Clutching flowers and wiping away tears, relatives, neighbors and friends of eight men executed by Russian forces during the occupation of the Ukrainian town of Bucha gathered on March 4 to mark the first anniversary of the deaths.
The eight had set up a roadblock in an attempt to prevent Russian troops from advancing as they swept toward Kyiv, Ukrane’s capital, at the start of their invasion. But the men were captured, Ukrainian authorities say, and executed.
Their bodies lay outside a building on Yablunska Street for a month, with relatives only able to collect them in April after Russian troops pulled out of Bucha.
After the Russians left, Ukrainian authorities found mass graves and bodies strewn in the town’s streets, buildings and homes. The events there are being investigated as war crimes.
“My heart is torn apart and my soul is in such pain for everyone who died here,” said Oleksandr Turovskyi, whose 35-year-old son, Sviatoslav, was among the eight.
Photos of the men now hang on the wall of the building where they were found, between two blue and yellow Ukrainian flags. A wreath of red plastic roses and bouquets of blue and yellow flowers lean against the wall beneath the pictures.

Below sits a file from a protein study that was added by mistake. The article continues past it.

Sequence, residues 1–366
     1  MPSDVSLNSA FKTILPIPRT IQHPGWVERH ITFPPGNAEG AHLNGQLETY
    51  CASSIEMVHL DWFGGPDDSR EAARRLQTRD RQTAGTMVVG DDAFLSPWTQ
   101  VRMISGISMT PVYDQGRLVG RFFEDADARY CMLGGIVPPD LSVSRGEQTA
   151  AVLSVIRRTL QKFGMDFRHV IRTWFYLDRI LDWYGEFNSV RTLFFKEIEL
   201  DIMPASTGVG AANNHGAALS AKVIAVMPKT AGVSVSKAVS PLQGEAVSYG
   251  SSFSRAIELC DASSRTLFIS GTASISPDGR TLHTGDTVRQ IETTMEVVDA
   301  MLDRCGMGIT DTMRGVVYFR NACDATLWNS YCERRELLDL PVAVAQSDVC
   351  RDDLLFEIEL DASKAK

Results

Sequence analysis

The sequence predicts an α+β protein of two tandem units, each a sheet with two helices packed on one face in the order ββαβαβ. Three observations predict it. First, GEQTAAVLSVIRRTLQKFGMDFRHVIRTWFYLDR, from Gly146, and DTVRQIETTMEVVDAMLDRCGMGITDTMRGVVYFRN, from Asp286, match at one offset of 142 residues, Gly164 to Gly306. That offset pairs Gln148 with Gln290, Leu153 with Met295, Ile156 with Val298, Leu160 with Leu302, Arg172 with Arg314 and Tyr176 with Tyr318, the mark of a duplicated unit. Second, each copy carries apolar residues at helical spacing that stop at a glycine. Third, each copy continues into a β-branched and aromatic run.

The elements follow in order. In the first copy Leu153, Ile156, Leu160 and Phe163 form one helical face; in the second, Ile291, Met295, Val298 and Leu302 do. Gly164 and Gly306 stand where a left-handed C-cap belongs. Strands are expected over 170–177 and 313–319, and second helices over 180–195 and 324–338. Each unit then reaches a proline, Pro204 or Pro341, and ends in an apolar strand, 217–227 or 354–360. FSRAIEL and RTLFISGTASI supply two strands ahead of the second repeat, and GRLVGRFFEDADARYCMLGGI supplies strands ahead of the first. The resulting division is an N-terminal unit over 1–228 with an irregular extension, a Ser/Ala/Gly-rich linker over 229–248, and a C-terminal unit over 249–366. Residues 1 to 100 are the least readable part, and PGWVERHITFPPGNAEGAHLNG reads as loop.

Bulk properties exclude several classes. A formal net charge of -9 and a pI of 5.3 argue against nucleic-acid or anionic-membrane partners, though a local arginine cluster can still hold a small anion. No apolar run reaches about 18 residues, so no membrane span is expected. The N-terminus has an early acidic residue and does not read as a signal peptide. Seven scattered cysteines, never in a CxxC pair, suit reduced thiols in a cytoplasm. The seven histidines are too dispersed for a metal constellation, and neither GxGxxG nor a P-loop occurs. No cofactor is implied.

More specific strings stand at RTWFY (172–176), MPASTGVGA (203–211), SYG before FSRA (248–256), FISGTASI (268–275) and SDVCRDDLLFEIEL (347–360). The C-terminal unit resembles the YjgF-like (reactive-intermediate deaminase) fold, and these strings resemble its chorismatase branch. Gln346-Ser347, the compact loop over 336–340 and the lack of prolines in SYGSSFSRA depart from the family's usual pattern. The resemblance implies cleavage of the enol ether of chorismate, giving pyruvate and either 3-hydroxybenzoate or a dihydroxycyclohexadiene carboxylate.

As relatives gathered for the anniversary commemoration, Halyna Stakhova, 67, tenderly touched the photo of Sviatoslav Turovskyi, her son-in-law. Her lip trembled and she wiped away a tear.
She lived in a basement in Bucha during the occupation, she said, and relatives told her Svietoslav had been executed. At first, Stakhova refused to believe them, but she eventually had to accept that her daughter’s husband was dead.
“We were trying to get the body back,” she said. “But the Russians said: ‘Do you want to end up lying beside him? Ok, let’s go.’ So we waited for one month to collect the body.”
Nataliia Matviichuk, whose 37-year-old brother, Andrii was among the eight, said the killings had brought the families of those lost together.
“In the history of Ukraine, the city and every Ukrainian family, and of course our families, this has been the hardest and the scariest year,” she said. “I cannot express this pain or sorrow with any words, and any amount of tears would be less than enough.”
At the age of 81, Anna Levchenko braved the icy wind and post-surgery pain in her leg to attend the ceremony. Great-aunt to Nataliia and Andrii Matviichuk, she said the two considered her their grandmother.
“One year has passed, but I still have all these images in my head,” Levchenko said. “My father had told me after World War II that there would be no more war for another 200-300 years. But look at what happened. Nobody was expecting this.”